Business angels are ploughing millions in to fledgling companies but many may find their plans are thwarted by a lack of investments.
Venture Capital Trusts (VCT) attracted £169.5 million from investors by the end of December 2016 – a surge of 53% over the amount collected 12 months earlier.
The Association of Investment Companies (AIC), which collected the data, explained the increase proved there is a “continuing demand” for VCT investment.
VCT are tax-incentivised investments aimed at aiding small companies raise finance to grow.
The VCT was framework was introduced in 1995 that has attracted hundreds of millions of pounds for new businesses with difficulties raising the cash from banks.
What is a Venture Capital Trust?
The schemes are supervised by fund managers who collect investments and choose the companies to finance.
Investors pick up income tax relief that rebates 30% of tax paid up to a maximum £60,000 in a tax year against a £200,000 investment – providing the VCT shares are held for at least five years.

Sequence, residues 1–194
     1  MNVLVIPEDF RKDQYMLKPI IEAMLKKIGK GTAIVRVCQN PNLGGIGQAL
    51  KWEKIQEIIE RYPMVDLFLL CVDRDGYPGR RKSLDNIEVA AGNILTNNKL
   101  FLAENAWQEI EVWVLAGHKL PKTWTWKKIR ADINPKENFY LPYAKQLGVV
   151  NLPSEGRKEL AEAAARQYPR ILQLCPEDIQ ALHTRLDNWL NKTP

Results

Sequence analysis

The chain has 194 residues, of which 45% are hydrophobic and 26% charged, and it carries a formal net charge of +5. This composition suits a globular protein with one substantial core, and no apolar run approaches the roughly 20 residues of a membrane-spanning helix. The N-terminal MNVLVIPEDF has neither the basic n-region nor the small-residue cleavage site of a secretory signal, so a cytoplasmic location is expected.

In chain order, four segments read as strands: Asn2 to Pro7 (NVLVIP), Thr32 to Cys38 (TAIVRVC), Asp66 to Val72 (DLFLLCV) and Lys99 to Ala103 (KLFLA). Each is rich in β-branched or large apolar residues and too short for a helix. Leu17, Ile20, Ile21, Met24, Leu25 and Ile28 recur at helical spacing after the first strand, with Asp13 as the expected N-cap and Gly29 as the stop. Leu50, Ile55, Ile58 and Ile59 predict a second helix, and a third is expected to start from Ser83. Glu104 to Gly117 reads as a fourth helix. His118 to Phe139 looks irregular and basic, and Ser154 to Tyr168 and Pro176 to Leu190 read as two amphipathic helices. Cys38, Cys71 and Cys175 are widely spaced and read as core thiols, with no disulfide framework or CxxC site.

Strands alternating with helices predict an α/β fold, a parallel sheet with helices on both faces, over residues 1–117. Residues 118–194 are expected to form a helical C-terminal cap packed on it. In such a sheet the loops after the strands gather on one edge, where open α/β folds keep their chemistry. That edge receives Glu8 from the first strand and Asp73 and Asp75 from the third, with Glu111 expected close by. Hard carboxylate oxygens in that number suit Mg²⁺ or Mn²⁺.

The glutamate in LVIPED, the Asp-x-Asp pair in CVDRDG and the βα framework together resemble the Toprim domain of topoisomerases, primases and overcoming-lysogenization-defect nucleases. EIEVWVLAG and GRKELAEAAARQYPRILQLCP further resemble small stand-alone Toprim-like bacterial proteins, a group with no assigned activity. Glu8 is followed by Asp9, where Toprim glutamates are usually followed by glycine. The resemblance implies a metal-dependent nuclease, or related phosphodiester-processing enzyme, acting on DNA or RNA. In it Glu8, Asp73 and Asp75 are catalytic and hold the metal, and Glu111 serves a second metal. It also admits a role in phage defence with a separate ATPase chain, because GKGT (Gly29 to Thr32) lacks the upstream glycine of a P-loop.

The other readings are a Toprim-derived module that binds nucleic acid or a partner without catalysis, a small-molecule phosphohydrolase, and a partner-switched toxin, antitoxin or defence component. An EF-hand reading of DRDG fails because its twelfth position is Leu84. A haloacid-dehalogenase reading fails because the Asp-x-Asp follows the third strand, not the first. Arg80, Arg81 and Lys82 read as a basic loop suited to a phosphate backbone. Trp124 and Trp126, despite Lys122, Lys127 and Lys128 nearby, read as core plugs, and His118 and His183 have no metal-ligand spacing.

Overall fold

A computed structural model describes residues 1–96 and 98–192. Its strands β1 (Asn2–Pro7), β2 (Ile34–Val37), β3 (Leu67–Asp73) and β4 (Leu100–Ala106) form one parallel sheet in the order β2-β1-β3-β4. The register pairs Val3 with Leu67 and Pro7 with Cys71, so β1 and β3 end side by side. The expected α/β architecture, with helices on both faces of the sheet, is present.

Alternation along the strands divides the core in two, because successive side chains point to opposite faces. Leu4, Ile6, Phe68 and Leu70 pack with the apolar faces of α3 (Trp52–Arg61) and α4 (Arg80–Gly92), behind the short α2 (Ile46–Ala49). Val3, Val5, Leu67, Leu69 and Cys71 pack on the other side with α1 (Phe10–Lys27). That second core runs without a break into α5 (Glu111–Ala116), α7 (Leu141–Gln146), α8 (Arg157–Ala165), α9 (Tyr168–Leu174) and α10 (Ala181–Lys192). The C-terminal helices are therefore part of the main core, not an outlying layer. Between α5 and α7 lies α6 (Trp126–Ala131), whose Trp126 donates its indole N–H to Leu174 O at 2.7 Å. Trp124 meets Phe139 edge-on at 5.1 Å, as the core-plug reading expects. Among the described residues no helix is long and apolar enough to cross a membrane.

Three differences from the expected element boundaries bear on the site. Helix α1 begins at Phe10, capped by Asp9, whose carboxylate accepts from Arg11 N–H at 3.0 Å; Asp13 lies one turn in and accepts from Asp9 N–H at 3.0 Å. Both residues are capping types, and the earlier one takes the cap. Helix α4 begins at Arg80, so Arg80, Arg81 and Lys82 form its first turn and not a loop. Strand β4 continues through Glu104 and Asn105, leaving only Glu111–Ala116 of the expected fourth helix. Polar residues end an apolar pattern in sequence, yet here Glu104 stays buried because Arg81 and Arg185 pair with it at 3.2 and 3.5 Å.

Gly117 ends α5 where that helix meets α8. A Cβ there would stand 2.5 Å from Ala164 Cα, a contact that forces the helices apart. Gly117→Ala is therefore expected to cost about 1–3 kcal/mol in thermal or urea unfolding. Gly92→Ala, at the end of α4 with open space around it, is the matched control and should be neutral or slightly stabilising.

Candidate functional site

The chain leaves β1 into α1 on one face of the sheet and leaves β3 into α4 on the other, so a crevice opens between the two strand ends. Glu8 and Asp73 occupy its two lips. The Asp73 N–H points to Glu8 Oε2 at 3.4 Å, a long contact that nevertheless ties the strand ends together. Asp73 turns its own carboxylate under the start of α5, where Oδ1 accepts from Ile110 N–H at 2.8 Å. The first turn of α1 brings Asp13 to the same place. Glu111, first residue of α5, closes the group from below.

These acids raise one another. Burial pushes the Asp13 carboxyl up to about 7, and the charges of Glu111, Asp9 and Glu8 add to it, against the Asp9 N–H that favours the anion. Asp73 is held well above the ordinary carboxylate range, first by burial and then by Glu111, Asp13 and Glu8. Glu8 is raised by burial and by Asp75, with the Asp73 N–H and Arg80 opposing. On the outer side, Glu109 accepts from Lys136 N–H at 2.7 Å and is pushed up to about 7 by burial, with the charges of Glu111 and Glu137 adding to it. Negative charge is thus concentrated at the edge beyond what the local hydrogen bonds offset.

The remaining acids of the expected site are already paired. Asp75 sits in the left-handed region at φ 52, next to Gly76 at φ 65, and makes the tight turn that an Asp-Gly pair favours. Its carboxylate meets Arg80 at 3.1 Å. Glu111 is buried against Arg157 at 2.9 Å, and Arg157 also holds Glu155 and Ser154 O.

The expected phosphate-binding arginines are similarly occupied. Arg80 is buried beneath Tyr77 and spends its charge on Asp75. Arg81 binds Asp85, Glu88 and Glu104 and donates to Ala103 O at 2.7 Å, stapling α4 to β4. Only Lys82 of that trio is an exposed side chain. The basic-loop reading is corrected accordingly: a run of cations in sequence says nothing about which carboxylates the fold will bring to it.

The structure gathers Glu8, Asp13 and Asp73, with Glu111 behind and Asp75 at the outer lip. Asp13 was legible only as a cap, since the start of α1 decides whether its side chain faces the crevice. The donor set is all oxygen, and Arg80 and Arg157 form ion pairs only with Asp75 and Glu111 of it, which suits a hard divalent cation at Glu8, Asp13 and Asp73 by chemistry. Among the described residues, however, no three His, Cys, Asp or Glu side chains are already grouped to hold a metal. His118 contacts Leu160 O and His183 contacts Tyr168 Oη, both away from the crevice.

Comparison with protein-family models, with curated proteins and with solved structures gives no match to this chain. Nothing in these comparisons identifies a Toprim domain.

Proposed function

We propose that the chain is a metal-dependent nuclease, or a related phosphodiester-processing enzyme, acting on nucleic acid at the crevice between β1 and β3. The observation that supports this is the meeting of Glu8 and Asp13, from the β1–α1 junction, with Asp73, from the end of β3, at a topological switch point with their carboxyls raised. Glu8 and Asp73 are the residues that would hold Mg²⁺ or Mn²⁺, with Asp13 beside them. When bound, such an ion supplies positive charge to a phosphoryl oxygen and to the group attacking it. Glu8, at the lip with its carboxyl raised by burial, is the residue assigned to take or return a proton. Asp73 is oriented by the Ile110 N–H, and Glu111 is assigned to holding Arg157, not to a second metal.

Other tax boosts include no tax on dividends paid and no capital gains tax on the disposal of VCT shares.
Fund managers say investors are flocking to VCTs and other tax efficient investments, such as the Seed Enterprise Investment Scheme (SEIS), because the government put a celling of between £10,000 and £40,000 on pension contribution tax relief for high earners.
Once retirement savers have maxed out their pension savings for a tax year, VCT and SEIS present the most tax effective savings options.
Boost from pension caps
Ian Sayers, chief executive of the Association of Investment Companies, said: “This fundraising data is a real vote of confidence in the VCT sector. The pension rule changes and reduction in the lifetime allowance have clearly acted as a boost to investor interest along with its established track record both from a growth and income perspective.
“It is hard to predict what the final fundraising total will be for 2016/2017, as managers come to terms with recent rule changes. But what is not in doubt is that demand for VCTs remains strong.”
Fund managers say VCTs accounted for £450 million of investment in the 2015-16 tax year, but fewer entrepreneurs are planning to offer shares before the end of the current tax year in April 2017.